The UN Biodiversity Conference is the regular meeting of the countries that have signed (and are therefore ‘parties to’) the Convention on Biological Diversity (CBD), the international agreement for conserving biodiversity (the full and complex diversity of life on Earth). Its vision is for humans to live “in harmony with nature by 2050”.

The Convention was adopted at the 1992 Rio Earth Summit, and with 196 Parties it has near universal participation among countries (the United States is notably absent). Under the Convention, each Party is required to set national biodiversity strategies and action plans detailing how the principles of the conservation and sustainable use of biological resources will be integrated into their country’s national policies.

As well as requiring Parties to set national targets, the Convention sets global targets for the conservation and sustainable use of biological diversity. Its Strategic Plan for Biodiversity 2011–2020 set out the Aichi Biodiversity Targets, which were replaced in 2022 by targets set for 2030 and 2050 within the Kunming-Montreal Global Biodiversity Framework.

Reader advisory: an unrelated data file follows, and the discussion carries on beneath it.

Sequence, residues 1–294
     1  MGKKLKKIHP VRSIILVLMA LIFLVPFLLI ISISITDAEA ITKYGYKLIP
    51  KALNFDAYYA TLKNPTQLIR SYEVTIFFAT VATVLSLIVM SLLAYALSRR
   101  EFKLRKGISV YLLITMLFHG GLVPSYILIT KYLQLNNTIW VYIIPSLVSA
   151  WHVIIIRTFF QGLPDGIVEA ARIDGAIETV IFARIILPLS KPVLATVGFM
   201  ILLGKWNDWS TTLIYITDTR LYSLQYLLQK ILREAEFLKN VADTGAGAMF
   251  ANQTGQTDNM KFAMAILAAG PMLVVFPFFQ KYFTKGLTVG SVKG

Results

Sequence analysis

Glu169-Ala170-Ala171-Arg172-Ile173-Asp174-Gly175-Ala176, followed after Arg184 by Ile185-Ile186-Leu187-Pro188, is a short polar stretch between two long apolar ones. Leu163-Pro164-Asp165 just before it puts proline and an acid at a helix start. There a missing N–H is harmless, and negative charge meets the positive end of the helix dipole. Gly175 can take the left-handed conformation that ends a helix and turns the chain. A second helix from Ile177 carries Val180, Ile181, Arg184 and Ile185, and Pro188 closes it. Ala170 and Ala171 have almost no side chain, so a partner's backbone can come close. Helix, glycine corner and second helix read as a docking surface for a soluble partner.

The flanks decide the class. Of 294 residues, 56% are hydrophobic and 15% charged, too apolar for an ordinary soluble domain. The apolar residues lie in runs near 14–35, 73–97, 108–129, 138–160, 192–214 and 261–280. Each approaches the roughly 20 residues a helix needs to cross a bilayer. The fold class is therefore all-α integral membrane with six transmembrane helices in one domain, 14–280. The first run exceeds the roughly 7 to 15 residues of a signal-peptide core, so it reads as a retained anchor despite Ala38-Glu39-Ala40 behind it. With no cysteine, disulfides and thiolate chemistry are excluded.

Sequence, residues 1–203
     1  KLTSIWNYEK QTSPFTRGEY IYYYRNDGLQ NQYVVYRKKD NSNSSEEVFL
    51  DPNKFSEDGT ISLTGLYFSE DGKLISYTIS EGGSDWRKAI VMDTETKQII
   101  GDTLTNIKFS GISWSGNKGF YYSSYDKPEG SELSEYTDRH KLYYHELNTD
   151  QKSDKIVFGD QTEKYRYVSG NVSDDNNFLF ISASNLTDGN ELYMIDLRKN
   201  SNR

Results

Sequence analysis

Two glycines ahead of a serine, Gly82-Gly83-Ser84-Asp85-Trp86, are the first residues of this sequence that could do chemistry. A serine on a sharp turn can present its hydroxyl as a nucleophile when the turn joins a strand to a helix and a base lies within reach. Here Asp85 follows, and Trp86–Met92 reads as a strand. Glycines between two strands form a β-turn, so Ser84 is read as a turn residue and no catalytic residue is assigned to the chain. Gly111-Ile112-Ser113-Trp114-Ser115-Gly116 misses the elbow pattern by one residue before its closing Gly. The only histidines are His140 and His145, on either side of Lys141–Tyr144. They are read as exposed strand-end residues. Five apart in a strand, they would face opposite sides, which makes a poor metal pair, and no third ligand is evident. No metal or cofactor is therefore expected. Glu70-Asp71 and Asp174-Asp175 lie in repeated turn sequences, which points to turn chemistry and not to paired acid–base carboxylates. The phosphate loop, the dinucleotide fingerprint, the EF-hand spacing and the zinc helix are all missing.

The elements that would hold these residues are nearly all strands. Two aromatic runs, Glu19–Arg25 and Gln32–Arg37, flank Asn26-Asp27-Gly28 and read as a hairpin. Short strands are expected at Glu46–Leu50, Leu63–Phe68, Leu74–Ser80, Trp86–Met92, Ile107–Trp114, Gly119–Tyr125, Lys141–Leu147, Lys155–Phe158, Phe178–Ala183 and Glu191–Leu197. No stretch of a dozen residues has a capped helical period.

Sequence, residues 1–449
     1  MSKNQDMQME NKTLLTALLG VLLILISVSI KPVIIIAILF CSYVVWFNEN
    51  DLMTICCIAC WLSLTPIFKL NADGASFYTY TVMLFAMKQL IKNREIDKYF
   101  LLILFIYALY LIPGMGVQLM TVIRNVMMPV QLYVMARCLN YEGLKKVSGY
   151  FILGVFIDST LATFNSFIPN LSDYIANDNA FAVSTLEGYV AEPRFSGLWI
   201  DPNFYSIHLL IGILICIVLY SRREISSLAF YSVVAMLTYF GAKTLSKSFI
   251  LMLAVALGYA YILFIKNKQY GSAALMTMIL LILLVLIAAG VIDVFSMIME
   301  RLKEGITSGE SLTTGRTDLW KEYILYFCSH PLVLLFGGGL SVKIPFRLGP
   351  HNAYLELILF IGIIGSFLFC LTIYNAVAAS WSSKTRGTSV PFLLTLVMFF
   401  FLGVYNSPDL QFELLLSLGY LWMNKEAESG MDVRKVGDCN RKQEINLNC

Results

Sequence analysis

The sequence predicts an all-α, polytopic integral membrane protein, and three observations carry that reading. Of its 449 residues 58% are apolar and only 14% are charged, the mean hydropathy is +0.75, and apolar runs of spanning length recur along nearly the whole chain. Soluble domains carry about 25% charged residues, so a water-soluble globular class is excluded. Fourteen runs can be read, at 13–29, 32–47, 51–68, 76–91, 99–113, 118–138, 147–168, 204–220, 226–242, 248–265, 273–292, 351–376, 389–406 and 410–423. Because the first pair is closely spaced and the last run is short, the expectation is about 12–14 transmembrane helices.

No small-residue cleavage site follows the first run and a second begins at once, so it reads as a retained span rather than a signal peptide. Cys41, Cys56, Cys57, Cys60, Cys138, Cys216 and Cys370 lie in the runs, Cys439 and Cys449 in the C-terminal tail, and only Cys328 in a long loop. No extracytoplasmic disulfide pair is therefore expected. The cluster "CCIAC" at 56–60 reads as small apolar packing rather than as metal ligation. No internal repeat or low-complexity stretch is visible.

International governments meet and review progress on the Convention and establish new measures needed to support its goals through a governing body called the ‘Conference of the Parties’ or COP. (Note that this is completely separate from the ‘climate’ COP process run by the UN Framework Convention on Climate Change.) The first meeting of the COP, known as COP1, took place in 1994 in the Bahamas. The latest, COP15, was held in 2022, and the next is scheduled for October–November 2024 in Colombia.

Why are the Biodiversity Conference and Convention needed?

Human activity is driving changes and declines to biodiversity globally, the greatest direct causes being changes in the use of land, terrestrial water sources and the ocean, direct exploitation of organisms, climate change, pollution and invasion of alien species. These are indirectly reinforced by societal values and behaviours, including consumption patterns, which lead us to overuse the Earth’s biocapacity – the capacity of Earth’s ecosystems to regenerate resources people demand – by at least 56%, according to one report.

The scale of risk posed to interconnected natural and human systems by biodiversity decline requires international, coordinated action. As communities and economies are built on and are dependent on natural resources, the objectives of the Convention on Biological Diversity encompass social and economic aspects: (i) the conservation of biological diversity; (ii) the sustainable use of its components; and (iii) the fair and equitable sharing of the benefits of biological diversity.